13. Queue weasel words about how resources on the Moon "could" provide
Earth with clean affordable limitless energy.
14. "Much of the lunar soil is silicon, a key ingredient in solar
cells" .. *facepalm*.
15. Solar Power Satellites using lunar resources.. and there's that
weasel word again.
16. Bonus prizes for doing impossible things.. I mean, more impossible
than just winning the major prize at a profit.. which is the only
reason why you'd care about the bonuses. The one mentioned is lunar
ice.. because landing at the poles is so obviously easy with today's
super rockets, see point 2.
17. Apparently shining a torch at the ground is sufficient to do
spectral analysis to determine the presence of lunar ice. Someone
call the LCROSS folks!
18. Bonus for surviving the lunar night, complete with kitschy "wake
up now little rover" scene.
19. Oh, and the most stupid Bonus prize of them all. A prize for the
team that can find artifacts of previous lunar exploration. Yes,
that's right, because if it wasn't hard enough that we suggest you
land at the pole, we're now suggesting that you drive to the equator..
or maybe you only do this bonus, in which case you "only" have to do a
precision landing, should be no trouble with the advanced lander
propulsion system, see point 4.
20. More shots on the lander approaching the Moon at warp factor 5,
with no orbital insertion engine and no descent engine.
21. "... and this time we're planning to stay." queue music.

This video, most graphically, demonstrated to me that the GLXP is a
gimmick, backed by morons with no serious understanding of the amazing
achievement that Apollo really was. Apparently the prize will be won
by bored teenagers who will subsequently shrug off the whole "space is
hard" myth and go build a lunar base to make constellations of solar
power satellites to stick it in the face of their baby boomer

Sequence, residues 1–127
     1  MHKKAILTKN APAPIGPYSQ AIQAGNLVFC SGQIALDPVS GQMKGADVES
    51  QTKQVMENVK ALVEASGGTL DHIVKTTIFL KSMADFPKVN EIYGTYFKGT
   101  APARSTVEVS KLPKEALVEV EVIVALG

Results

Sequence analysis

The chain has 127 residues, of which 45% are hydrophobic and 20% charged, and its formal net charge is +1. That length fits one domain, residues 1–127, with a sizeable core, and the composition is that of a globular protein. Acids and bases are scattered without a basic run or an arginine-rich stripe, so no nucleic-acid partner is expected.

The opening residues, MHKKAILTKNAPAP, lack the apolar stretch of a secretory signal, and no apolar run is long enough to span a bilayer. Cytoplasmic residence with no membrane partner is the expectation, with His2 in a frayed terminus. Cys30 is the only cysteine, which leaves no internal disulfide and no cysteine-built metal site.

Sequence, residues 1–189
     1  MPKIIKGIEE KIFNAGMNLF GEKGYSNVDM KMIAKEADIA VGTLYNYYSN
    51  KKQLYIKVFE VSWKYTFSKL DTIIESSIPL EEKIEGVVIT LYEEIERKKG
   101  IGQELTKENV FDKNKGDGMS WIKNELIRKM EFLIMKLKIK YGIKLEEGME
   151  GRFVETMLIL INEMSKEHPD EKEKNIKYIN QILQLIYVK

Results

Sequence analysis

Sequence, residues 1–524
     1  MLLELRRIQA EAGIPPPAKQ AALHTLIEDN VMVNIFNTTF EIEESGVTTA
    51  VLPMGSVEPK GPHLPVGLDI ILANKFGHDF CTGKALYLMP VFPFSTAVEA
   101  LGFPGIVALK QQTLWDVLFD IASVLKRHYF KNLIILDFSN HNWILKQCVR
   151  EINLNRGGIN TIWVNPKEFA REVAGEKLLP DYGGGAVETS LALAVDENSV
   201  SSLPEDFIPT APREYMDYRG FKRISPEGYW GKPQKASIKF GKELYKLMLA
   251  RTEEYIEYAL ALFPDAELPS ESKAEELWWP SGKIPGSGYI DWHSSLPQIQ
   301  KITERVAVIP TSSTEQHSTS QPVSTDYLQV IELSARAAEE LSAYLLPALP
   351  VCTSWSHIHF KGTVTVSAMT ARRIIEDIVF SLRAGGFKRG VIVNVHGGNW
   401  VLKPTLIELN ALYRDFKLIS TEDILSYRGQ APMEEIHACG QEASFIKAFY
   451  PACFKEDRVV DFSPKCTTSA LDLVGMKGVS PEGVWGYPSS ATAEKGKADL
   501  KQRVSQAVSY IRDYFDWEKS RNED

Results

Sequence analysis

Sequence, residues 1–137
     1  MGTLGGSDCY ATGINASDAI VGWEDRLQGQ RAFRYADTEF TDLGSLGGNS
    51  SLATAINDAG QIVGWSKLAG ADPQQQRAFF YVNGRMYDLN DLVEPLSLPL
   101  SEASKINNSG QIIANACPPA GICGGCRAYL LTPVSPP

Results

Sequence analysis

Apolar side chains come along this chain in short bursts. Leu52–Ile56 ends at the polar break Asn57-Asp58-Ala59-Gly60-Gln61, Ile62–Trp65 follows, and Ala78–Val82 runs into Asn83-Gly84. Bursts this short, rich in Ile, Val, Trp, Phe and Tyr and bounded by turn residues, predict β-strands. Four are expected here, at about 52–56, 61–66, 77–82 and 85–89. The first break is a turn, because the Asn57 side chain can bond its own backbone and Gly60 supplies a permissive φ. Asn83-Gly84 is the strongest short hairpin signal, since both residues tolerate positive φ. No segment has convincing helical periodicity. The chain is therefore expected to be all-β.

grandparents who didn't have the vision to do it the first time around
and subsequently destroyed the planet. /rant

Re:GLXP is unwinnable (0)

Anonymous Coward | more than 4 years ago | (#28738419)

I agree to the fact that the whole thing seems gimmicky at best, but rest assured if my generation (I'm 18) goes to the moon it will most likely be the result of a pissing contest with no value at all.

I would like to see a return for a good scientific merit, but there really hasn't been any real use for the moon with mars being more likely to have something we really may need.

Re:GLXP is unwinnable (1)

bertoelcon (1557907) | more than 4 years ago | (#28738431)

Oh that's lame, Firefox froze and I inadvertently hit AC on accident.

Re:GLXP is unwinnable (0)

Anonymous Coward | more than 4 years ago | (#28745077)

That's ok, I usually don't give AC posts any ratings...but now I can rate you as Troll...Sucka!

Re:GLXP is unwinnable (1)

auLucifer (1371577) | more than 4 years ago | (#28738457)

> I agree to the fact that the whole thing seems gimmicky at best, but rest assured if my generation (I'm 18) goes to the moon it will most likely be the result of a pissing contest with no value at all.

Much like how the Space Race vs Russia can be seen as?

Re:GLXP is unwinnable (0)

Anonymous Coward | more than 4 years ago | (#28738643)

I agree to the fact that the whole thing seems gimmicky at best, but rest assured if my generation (I'm 18) goes to the moon it will most likely be the result of a pissing contest with no value at all.

Or commercial space flights are abandoned completely as the gimmicky contest was really a ponzi-scheme and all the prize money disappeared once the pool got large enough.

Re:GLXP is unwinnable (2, Insightful)

BJ_Covert_Action (1499847) | more than 4 years ago | (#28738955)